How Do We Keep A Law-Abiding Gun Owner From Doing Something Crazy With A Gun?

In the aftermath of Orlando and Dallas, Gun Violence Prevention advocates find themselves coming face-to-face with the veritable elephant in the living room, namely, how to prevent someone from using a gun who acquired the weapon legally?  Expanding background checks to private transaction, a worthwhile goal, wouldn’t have made any difference in these two tragedies at all. For that matter, instituting a permit-to-purchase requirement for handguns or highly-lethal assault rifles also wouldn’t have prevented either shooter from getting his hands on a gun.

dallas           Of course Gun-nut Nation has a ready-made answer to this problem, consisting of eliminating all ‘gun-free’ zones and convincing every ‘law-abiding’ citizen to walk around with a gun. So even if a law-abiding citizen like the Orlando shooter yanked out his AR and started shooting up a club, there would be a few armed citizens in the crowd who would immediately respond and bring things under control.  If you actually believe that there’s any truth whatsoever in the previous sentence, do me a favor, okay?  Go lay brick.

Now back to reality.  The problem we face in this respect is both very simple and very complicated.  It’s simple because what we are looking at is an aberrant form of behavior which every year costs more than 30,000 Americans their lives and another 60,000+ Americans their health because gun injuries happen to be the most medically devastating injury of all.  That’s the simple part.

The complicated part is that trying to control or (God forbid) change human behavior through imposing new rules or regulations can work, but only if the rules reflect a collaboration of a large and diverse group of stakeholders, all of whom agree that something needs to be done.  Who had to jump on the bandwagon to cut the fatality rate from auto accidents? Try government, manufacturers, insurance companies, school systems, law enforcement, and most of all, the driving public.  Can you imagine a similar conglomeration of stakeholders sitting down to come up with a set of comprehensive mandates to make it more difficult for Mister Average Joe Gun Owner to do something stupid or destructive with his gun?

And even if you could convene these relevant participants, and even if they could produce some new mandates that might alter the current regulatory environment in a positive way, how could such changes create any kind of barrier to a law-abiding individual who wants to own a gun? Which is why I said above that the Gun Violence Prevention community is looking at an elephant in the living room when it comes to figuring out how to prevent an otherwise harmless-looking and harmless-behaving fellow from taking his gun and going to the extreme.

But I also have a suggestion that might actually make a difference in terms of identifying the elephant and bringing him under control.  And it’s a suggestion that doesn’t need any mandates or regulation at all, just the ability of some concerned individuals or organizations to communicate the following idea.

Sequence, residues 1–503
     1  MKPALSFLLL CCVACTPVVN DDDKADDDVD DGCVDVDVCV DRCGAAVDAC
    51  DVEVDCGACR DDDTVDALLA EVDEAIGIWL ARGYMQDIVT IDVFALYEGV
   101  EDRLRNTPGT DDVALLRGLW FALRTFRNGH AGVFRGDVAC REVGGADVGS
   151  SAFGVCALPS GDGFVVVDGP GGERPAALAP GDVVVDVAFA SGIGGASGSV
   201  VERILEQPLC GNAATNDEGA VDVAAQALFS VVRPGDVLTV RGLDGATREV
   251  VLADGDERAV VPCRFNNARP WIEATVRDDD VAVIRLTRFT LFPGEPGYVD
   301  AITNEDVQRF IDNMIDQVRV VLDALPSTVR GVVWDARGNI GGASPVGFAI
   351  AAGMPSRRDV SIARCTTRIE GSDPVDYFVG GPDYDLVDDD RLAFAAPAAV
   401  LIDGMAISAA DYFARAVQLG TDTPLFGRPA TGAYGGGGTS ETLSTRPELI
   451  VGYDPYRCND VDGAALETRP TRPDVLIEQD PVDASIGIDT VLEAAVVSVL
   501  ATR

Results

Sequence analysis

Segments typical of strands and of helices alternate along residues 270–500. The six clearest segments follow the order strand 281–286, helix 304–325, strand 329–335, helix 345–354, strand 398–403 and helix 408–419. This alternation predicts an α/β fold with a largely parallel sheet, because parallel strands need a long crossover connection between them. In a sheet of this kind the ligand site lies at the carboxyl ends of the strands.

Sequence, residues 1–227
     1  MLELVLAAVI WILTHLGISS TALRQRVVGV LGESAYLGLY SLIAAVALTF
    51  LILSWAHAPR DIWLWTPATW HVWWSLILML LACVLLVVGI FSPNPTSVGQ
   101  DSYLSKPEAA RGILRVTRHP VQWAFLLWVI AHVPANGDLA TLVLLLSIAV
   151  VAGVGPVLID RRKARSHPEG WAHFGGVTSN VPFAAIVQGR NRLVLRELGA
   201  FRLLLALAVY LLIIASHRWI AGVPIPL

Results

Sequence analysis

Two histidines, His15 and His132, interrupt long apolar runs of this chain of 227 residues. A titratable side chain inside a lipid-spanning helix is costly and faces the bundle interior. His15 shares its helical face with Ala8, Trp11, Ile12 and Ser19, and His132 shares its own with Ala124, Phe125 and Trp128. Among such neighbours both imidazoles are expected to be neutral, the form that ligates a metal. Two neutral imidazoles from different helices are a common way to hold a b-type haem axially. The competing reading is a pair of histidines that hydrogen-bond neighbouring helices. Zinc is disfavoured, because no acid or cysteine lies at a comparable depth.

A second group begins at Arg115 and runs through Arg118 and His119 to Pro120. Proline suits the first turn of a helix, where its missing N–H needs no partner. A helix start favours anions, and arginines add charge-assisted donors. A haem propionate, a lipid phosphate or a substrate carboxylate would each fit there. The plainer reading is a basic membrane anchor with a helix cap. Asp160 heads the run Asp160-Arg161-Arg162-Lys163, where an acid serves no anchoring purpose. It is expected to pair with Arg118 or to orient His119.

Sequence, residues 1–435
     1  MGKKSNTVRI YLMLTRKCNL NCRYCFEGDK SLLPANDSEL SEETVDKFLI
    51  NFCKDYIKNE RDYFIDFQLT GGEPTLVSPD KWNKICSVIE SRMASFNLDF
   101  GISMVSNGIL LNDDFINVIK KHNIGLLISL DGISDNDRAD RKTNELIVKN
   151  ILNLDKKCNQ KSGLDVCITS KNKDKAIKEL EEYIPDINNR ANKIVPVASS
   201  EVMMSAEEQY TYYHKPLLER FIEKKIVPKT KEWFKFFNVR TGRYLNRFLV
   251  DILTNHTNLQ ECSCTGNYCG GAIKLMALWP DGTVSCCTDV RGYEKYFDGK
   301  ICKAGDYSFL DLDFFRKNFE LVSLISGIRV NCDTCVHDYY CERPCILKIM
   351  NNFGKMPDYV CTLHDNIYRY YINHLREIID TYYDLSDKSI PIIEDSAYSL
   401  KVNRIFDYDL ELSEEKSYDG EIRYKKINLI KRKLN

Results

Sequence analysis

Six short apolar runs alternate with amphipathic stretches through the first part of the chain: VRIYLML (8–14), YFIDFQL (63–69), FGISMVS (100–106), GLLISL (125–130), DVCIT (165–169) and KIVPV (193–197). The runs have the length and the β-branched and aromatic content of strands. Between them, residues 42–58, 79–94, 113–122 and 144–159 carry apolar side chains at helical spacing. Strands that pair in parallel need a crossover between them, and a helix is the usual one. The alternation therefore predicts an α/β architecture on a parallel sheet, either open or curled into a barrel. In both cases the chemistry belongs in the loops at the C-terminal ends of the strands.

And the idea is based on what appears to be one thing that most law-abiding, mass shooters have in common before they committed their dreadful acts, namely, that in the run up to their destructive behavior, they divulged their plans to at least one other person who then made the conscious decision not to intervene.  This was true of the shooter at Charleston, true for the shooter who walked into The Pulse, certainly true of the shooter at San Bernardino, I suspect it’s true of so many more.

What we really need is messaging which tells people they need to get involved and alert others if they learn that someone is planning to use a gun in a harmful way.  Conversations, Facebook posts, emails, I don’t care how the possible mass shooter announces his plans.  If you know a gun owner who tells others that he’s going to do something ‘big’ with his gun, don’t just dismiss it as a harmless gesture.  Ask yourself whether you want to be around if and when he moves from words to an act.

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3 thoughts on “How Do We Keep A Law-Abiding Gun Owner From Doing Something Crazy With A Gun?

  1. Good point. I once owned and operated a bar in Florida. One day one of my regulars drank a bit too much and spouted off that he was going to get his shotgun and do something stupid. One of his friends followed confronted him in the parking lot and talked him out of it while he had his shotgun in his hands. The next day the customer apologized for his behavior and thanked his friend for probably saving his and other lives. A threat to use a gun should always betaken seriously no matter what the state of mind of person.

  2. My reply is in reaction to a friend who sent me a link, with the following question: “As regards a question I’ve long pondered. Also note the claim of 60,000 gunshot injuries in this statement. That’s another area I want to check out. I’m betting the social cost there (medical care, rehab, disability) is astronomical.” My answer…

    I’ve kinda gotten used to the fact that, as the resident “gun guy”, I often have huge ponderables dropped into my lap in the midst of an already busy day. With this in mind, though, please forgive this very brief answer to a very complex question.

    The 30K dead/greater than 60K injured figures do agree with official figures I’ve seen elsewhere. In fact, injuries have been much higher historically. Keep in mind that more than 80% of everyone who is shot survives the experience. Also note that more than 60% of that 30K figure are suicides, which places actual homicides at a far lower rate than most people think. Okay, on to the blog…